For everyone, September 11 comes to us differently, whether it’s remembering what happened to supporting our troops for the future.
One teenage girl has made that her birthday mission now for a decade.
Jade Simpson was only four years old when she first started to realize that people seemed to be sad on her birthday.
She, like others, shares her birthday with one of the most tragic days in American history.
Today, she turned 16.
But even as a toddler, that didn’t stop her from dreaming big.
“Her heart is showing exactly how big her heart really is,” says Chris Wlodkowski, Simpson’s uncle.
Since she was a little girl, Jade Simpson knew something wasn’t quite right with the numbers “9-11.”
Except that it was her birthday.
“I think I was, like, four,” Simpson says. “I was watching the news while I was eating breakfast and I saw this thing on the news about handing out a dozen roses.”
It was a small way for a small person to help, Jade thought.
The idea grew.
“I started with doing little fundraisers with little parties, like, food drives or any, like, clothes,” Simpson says.
When she was eight, the idea grew more.
Jade and her family discovered Packages from Home.
“I was so in love with the group that I was working with and it meant so much because there were so many families, friends and the military,” Simpson says. “When I started doing it, it just took off.”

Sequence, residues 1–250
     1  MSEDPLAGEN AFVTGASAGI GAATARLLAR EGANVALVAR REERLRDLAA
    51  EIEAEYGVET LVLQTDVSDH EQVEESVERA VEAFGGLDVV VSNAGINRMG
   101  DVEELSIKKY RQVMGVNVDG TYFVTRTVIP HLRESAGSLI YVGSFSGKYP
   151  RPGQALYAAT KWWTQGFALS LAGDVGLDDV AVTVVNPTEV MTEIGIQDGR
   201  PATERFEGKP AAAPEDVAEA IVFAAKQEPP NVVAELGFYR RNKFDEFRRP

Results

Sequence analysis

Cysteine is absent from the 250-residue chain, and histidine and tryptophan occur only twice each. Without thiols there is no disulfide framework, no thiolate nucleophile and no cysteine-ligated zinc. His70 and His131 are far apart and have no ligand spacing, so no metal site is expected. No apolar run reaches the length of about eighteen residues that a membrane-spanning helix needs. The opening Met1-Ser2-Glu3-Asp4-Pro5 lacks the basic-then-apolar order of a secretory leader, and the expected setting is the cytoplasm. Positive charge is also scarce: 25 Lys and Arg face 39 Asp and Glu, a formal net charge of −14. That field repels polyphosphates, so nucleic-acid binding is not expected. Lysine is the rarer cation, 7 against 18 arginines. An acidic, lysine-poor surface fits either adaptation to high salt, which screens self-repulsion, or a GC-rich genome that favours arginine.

Instead of presents, Jade sends boxes, herself, alongside her family and other volunteers.
Her little sister even got involved, sending “Bones from Home” for enlisted dogs.
“Even to this day, people ask me, like, doesn’t it suck having your birthday on 9-11 and stuff and for me it is a happy day because, when I was four, I didn’t know what happened until later,” Simpson says. “It’s just such a tragic day for people. I feel like if I can do something to make it a little better, even if it’s like people don’t know what I’m doing, some people do.”
We heard about Jade through her uncle, Chris Wlodkowski, from Belgrade, a title he is proud to hold, watching his niece’s mission grow with her.
“Jade’s been raised right,” Wlodkowski says. “She doesn’t care about just herself. You don’t see that much anymore with teenagers and stuff, especially. I’m proud to be able to call her my niece. That’s great. It’s good on her. Her mom and dad have done a great job raising her and it definitely shows in her actions.”
“It really hit me, like, I don’t know, I’ve really come this far,” Simpson says.
This is Jade’s twelfth year in a row, helping the men and women fighting for our country.
With a goal this year of $1,600, it’s a step forward.
But with every box, Jade hopes her mission will make even more of a difference.
“Knowing that I’m, like, doing something to honor those people, even thought it has been so long ago, I just feel really good about it because I feel like every year in school they do something for 9-11 but this year at my school, we didn’t talk about it,” Simpson says.
Jade’s mother, Trisha,
has set up a GoFundMe page for people to help
the 16-year-old’s efforts, moving forward.